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In order to do the work with a minimum travel allowance they will be approaching F.S.I. Community Development and Communication workers, Indian Affairs Staff and Indian Health personnel, to provide them transportation where necessary. Most of them realize, since the idea of Indian women involved in field work is still relatively a new concept, they will no doubt be looked upon with skepticism and meet with opposition in some areas. However, these are the challenges they are willing to face and they will be looking for moral and active support from those who are already in this type of work.
We picked the first and coldest day of the year to hold the Meadow Lake - Battleford District meeting. As any, Sask. resident knows, going to a meeting in a -40 - 50 degree temperature is no pleasant task, particularly for those who live in rural areas especially on reserves where transportation facilities are meager at the best of times. As a result only a few came on the first day. We also learned that many of the F.S.I. workers were on a course in Saskatoon and were unable to assist us in any way. Although all the Chiefs in the area were notified of the meeting, the response was not too good to say the least, but they no doubt had good reasons considering the weather and road conditions.
In spite of these adverse conditions the women who were there for the second day made the meeting worthwhile with their full cooperation on the structure and the main objectives of the organization and their obvious enthusiasm in becoming involved in community activities on the reserves.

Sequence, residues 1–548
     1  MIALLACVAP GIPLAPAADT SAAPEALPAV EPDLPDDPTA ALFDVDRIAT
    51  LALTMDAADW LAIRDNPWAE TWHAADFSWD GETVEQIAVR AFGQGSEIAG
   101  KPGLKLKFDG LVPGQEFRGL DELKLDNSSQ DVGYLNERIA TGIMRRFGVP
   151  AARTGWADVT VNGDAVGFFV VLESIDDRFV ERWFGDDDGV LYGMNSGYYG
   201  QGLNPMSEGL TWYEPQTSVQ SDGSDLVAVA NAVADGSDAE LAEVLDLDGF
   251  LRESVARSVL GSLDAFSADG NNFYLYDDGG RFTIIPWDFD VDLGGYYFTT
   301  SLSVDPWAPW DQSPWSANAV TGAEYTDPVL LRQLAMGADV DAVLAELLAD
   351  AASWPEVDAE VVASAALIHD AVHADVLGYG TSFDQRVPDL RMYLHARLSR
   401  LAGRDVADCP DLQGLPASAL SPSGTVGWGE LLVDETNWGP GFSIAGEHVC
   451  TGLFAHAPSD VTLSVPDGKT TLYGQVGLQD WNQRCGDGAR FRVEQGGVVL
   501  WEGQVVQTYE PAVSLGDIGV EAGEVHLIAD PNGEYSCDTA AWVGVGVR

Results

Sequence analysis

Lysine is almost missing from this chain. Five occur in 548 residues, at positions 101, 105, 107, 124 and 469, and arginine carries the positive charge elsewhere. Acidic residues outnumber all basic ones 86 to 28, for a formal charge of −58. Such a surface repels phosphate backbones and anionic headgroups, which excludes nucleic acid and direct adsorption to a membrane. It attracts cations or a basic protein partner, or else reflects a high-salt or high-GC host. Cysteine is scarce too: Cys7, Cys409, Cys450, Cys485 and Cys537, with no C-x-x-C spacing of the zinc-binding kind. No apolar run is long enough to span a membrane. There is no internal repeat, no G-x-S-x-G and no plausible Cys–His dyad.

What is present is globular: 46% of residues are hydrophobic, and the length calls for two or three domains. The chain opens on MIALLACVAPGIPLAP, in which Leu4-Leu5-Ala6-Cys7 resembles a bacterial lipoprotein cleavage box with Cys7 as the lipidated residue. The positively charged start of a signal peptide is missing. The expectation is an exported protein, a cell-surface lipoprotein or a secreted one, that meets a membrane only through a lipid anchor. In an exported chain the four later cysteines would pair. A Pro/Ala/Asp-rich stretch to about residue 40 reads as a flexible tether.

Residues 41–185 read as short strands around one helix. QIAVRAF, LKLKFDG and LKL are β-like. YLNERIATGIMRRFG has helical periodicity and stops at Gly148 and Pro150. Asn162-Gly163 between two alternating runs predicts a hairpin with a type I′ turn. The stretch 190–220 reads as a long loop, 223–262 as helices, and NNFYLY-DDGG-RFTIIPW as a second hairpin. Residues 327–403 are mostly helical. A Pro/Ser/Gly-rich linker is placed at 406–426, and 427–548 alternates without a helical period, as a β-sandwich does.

They were informed by the President Irene Tootoosis, that the task of the co-ordinators will be to bring together groups of Indian women in local bands to discuss their needs and wishes and to interpret them how the organization can help them achieve its objectives of improving the lot of Indian women generally. They will also provide a channel through which' the women can make their needs known to the responsible authorities who are in a position to take effective action.
The women all agreed that there was a real need for more Family Counselling and Health Care Programs on the reserves and a continuation of Homemaking courses from the Extension Division, Univ. of Sask., with additional courses in tanning hides, quill work and beadwork, to be conducted by the women themselves. There was also a unanimous approval from all present that they did not want to be part of the emerging Sask. Native Women's organization which profess to include the Treaty Indian women of the province.
Although there may be a few treaty women involved in this group it was unfair to say at this time that this was the case throughout the whole province. It was indicated that there were obvious reasons for, this decision with respect to the protection of Treaty. Land and Special Rights, and for this reason they wished to remain as an organization of Treaty Women.
The Saskatoon District meeting was held at the Indian Cultural Center, Saskatoon the first weekend of Feb., with almost all reserves represented. It was very successful in a sense that the women participated in all discussions mainly due to the fact that most of the sessions were conducted in Cree, the major language of the people of northern Sask. Along with the general outline of the organization and the report of the plans for the National conference, the need for additional Homemaking courses was again emphasized. Just as in North Battleford the women all agreed that they did not want to be included in the formation of the Sask. Native Women's group and a resolution was passed to this effect.